Drawing Lessons from Afghanistan: Long-term Statebuilding and Civilian-Military Collaborations

By Alicia van der Veen
Staff Editor
November 1, 2009

As the U.S. government assesses its involvement in Afghanistan eight years after launching Operation Enduring Freedom, it can take away several valuable lessons for future state-building operations. United States involvement in Afghanistan starkly demonstrates both the need for long-term engagement in the aftermath of war, and for an equal emphasis to be placed on the civilian aspects of reconstruction after the initial military intervention in future conflicts.

Following the attacks of September 11, 2001, the U.S. government faced an internal divide over how to take out the Taliban and Al Qaeda in Afghanistan. The Department of State promoted an approach which addressed the longer-term political and economic consequences of the operation; the Department of Defense, however, preferred a quick offensive to topple the regime with little regard to the aftermath. The Defense approach prevailed, and U.S. forces successfully overthrew the Taliban government. Yet Al Qaeda networks remained, and warring internal factions with past grievances jostled to fill the power vacuum left behind. Afghanistan was thrown into chaos and the peacekeeping forces deployed were not enough in number or resources to establish a secure environment.

According to conventional political theory, the political and economic reconstruction necessary for peaceful, democratic and self-governed states to develop cannot take place without basic security. Without effective government trusted by and accountable to its citizens, the potential for conflict remains. As U.S. forces have still been unable to achieve security in Afghanistan, a legitimate government has not formed - as evidenced in the recent fraudulent elections. In this case, the Taliban very well may be welcomed back to power as a viable alternative to instability, as they were in the past. Long-term outcomes were sidelined for short-term goals in the U.S. invasion, and ironically, this oversight may have put the United States right back where it began.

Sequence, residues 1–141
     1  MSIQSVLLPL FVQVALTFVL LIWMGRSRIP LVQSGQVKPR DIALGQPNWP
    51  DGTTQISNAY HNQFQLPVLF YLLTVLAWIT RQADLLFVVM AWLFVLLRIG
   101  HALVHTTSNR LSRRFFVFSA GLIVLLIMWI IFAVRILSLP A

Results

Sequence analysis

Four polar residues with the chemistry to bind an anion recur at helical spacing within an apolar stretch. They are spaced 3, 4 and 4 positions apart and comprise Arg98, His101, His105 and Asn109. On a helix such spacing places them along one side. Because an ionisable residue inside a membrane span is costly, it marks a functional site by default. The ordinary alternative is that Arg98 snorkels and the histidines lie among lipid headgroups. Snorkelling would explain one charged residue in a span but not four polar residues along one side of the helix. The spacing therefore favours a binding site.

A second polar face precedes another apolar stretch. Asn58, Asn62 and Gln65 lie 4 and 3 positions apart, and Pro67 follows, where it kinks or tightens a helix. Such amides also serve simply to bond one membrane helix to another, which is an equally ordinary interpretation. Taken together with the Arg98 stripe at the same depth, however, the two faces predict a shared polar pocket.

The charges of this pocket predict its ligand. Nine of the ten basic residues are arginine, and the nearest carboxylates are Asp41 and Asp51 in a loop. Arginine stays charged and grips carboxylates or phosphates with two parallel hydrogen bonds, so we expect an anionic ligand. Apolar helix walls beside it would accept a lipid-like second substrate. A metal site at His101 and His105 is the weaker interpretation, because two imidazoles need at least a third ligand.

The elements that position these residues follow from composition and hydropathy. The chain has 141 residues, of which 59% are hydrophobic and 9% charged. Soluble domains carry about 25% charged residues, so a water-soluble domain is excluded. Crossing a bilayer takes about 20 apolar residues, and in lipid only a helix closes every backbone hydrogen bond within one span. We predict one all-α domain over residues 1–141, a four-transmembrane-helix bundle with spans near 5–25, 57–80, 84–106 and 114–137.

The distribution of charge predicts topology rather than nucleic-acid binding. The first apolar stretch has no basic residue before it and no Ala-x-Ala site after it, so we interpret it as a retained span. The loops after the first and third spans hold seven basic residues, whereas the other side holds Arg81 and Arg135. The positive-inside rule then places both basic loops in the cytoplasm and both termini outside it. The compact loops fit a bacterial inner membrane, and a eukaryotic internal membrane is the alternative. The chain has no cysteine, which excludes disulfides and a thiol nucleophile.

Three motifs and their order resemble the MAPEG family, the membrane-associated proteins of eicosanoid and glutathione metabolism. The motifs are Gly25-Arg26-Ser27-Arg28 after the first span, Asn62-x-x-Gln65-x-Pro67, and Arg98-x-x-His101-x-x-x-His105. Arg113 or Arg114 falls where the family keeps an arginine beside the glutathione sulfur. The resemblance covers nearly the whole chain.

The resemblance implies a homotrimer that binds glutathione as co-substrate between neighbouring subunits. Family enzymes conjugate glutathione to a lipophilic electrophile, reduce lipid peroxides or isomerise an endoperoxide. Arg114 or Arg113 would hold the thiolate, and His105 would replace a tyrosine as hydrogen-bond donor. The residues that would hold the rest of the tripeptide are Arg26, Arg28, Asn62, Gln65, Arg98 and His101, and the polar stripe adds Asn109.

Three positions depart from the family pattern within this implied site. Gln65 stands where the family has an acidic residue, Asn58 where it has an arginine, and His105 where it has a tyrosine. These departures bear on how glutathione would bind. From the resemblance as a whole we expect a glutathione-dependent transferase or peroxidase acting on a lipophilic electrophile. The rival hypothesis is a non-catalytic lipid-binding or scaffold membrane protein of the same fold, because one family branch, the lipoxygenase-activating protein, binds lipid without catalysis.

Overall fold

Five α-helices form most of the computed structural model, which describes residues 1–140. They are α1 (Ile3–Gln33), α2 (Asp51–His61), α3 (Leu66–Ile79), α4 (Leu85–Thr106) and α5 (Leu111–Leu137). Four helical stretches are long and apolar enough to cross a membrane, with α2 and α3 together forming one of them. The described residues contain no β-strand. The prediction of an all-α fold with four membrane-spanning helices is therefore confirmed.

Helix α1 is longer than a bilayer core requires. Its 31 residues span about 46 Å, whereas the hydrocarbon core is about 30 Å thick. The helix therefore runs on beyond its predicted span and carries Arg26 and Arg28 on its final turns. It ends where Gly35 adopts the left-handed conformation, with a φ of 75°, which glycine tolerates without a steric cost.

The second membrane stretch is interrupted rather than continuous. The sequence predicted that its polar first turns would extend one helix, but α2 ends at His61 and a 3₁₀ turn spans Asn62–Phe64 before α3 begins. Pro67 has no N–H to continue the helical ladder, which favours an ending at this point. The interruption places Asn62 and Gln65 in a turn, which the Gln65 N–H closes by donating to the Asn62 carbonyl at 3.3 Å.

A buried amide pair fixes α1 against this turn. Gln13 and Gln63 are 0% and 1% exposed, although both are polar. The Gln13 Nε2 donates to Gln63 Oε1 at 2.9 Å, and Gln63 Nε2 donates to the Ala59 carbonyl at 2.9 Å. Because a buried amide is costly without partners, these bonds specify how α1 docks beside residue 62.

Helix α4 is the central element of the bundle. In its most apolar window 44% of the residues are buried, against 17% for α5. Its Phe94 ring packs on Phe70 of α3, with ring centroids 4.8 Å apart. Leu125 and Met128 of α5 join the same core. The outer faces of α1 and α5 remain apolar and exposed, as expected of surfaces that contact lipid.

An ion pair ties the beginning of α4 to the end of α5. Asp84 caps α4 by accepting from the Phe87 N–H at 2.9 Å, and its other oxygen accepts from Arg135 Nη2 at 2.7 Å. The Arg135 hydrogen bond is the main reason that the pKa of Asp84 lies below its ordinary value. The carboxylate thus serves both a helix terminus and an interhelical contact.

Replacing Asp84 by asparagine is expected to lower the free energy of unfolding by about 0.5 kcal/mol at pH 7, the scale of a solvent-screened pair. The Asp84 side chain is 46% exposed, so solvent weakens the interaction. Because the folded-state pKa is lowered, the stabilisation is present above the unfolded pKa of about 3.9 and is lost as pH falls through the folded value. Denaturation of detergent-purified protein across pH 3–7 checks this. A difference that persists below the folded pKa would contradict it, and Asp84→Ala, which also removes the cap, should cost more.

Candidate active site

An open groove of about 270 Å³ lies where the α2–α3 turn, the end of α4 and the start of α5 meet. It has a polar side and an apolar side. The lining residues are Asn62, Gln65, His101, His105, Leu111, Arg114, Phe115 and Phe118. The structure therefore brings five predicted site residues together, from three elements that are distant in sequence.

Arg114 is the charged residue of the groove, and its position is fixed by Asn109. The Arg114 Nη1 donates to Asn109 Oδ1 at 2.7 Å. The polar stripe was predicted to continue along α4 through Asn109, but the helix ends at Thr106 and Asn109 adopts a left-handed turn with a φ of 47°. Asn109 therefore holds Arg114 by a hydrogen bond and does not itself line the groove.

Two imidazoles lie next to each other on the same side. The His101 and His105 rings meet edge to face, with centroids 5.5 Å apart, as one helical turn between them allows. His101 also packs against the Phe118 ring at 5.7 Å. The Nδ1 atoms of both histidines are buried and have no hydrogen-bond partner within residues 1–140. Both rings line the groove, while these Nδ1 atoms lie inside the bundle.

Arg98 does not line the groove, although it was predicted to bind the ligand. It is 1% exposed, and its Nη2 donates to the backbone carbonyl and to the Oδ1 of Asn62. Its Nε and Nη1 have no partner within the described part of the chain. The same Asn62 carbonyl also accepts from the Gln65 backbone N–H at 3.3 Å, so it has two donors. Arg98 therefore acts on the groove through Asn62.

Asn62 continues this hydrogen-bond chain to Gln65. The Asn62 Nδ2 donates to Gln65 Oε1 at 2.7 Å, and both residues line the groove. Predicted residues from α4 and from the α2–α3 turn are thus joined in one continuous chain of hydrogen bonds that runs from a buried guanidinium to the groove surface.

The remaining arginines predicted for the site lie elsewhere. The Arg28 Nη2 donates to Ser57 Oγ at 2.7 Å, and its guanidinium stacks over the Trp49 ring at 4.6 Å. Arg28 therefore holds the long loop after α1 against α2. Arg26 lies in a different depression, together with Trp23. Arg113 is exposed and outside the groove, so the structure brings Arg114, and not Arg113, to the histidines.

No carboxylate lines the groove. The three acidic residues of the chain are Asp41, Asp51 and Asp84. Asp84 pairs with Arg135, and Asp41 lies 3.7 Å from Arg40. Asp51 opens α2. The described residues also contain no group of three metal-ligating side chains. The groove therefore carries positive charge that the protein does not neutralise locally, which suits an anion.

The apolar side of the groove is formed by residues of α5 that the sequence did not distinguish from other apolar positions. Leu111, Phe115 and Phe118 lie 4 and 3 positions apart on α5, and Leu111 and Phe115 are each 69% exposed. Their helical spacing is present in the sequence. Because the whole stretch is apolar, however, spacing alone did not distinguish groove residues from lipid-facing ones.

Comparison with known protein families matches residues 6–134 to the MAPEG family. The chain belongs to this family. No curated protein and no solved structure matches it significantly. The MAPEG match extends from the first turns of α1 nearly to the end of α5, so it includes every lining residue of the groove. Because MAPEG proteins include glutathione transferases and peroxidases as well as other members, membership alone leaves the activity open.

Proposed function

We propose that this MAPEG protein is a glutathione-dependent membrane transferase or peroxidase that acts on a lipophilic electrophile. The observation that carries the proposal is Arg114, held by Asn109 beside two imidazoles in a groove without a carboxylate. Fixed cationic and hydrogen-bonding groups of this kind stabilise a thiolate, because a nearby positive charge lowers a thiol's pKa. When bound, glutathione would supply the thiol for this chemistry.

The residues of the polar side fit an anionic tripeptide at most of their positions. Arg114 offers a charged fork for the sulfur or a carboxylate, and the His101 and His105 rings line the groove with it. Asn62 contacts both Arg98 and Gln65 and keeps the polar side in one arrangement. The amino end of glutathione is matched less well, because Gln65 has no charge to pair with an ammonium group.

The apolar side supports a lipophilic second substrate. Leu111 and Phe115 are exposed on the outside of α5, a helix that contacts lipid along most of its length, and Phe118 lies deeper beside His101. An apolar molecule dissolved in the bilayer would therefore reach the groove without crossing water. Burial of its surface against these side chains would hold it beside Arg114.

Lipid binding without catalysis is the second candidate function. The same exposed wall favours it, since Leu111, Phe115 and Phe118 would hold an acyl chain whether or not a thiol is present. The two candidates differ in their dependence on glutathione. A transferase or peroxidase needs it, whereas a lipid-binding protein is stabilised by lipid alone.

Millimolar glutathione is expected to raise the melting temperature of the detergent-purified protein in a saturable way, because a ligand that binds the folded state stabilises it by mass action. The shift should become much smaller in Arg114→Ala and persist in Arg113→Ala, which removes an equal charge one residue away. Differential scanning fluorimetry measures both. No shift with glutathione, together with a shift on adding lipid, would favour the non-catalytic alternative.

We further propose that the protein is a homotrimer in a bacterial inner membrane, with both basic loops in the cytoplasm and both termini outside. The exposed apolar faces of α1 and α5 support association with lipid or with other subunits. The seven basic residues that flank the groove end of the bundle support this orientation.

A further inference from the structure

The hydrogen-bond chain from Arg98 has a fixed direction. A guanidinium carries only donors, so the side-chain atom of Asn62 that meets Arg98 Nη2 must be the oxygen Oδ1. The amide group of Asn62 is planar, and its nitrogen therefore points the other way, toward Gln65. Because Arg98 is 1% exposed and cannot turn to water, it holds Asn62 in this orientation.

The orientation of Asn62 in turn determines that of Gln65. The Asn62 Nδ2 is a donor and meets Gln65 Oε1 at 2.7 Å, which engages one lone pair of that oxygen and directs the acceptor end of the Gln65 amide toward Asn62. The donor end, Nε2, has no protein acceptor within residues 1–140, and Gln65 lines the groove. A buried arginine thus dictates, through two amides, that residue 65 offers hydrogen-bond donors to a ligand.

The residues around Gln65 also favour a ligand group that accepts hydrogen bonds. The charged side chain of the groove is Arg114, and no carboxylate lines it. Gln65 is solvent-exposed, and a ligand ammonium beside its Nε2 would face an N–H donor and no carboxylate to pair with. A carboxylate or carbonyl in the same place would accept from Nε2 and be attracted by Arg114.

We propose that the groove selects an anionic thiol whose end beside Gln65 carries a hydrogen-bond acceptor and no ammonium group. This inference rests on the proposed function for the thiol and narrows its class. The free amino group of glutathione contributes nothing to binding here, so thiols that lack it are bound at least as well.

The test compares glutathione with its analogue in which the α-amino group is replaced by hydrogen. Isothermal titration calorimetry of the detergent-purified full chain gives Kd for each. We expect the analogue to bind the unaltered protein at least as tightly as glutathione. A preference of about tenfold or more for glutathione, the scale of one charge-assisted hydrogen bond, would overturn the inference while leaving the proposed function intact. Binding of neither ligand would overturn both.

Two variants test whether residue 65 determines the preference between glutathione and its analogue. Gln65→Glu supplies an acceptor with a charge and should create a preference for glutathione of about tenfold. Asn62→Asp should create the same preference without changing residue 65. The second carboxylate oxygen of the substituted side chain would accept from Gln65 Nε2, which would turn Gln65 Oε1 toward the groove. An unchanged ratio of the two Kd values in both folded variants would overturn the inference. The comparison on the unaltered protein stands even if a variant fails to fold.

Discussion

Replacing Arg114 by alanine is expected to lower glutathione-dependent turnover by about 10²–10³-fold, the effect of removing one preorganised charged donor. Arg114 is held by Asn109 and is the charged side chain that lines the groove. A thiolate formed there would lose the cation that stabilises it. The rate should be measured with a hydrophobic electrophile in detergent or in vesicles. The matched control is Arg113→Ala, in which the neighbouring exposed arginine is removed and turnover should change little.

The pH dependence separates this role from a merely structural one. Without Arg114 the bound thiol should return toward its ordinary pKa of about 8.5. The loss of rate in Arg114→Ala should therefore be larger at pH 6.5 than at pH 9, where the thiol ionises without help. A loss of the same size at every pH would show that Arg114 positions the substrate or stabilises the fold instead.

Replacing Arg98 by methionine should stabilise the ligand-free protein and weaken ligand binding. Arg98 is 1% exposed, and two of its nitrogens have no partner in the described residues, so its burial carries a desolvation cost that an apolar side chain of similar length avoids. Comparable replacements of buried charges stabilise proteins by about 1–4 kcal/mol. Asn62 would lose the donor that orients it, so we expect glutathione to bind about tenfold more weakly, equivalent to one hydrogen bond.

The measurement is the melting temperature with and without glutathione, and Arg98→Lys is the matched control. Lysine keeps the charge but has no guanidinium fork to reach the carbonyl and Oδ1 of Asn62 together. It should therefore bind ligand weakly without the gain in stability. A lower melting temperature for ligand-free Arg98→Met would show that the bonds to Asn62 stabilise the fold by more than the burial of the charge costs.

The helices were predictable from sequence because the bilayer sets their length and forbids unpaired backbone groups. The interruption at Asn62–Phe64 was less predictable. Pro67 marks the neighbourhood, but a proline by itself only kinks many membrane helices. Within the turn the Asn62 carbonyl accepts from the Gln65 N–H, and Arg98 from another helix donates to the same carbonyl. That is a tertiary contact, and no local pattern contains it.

In the future, the United States needs to plan both for winning a war and for helping a society recover from war. It needs a workable exit strategy from the moment it enters war, and this strategy needs to include both civilian and military components. After the military secures the area, civilian collaboration with and training of the local population is essential to implement the instruments of democratic societies: free and fair elections, an independent media, a legitimate police force, economic opportunities, and the rule of law. These commitments require long-term attention and investment.

The Obama administration is now implementing some of these measures in Afghanistan. It plans to increase the number of U.S. civilian officers in the country from its current level of 300 to 1000 by the end of the year. Both the State Department and Defense Department are now working side-by-side, in a whole government approach, and Secretary Gates has said that the tool box of American foreign policy “should be filled with more than just hammers.” Smart power – which combines elements of the hard power of military action and the soft power of public diplomacy – is the philosophy of the day.

It is unclear if these improvements will bring about effective change in Afghanistan coming so late in the game. What is clear is what the United States can learn for the future state-building operations in which it will no doubt be involved again; Afghanistan shows the world that it is essential to plan for long-term reconstruction of a failing or fragile state and not simply the short-term military intervention. War, when necessary, should not be the ends, but the means to achieving a lasting and sustainable peace.

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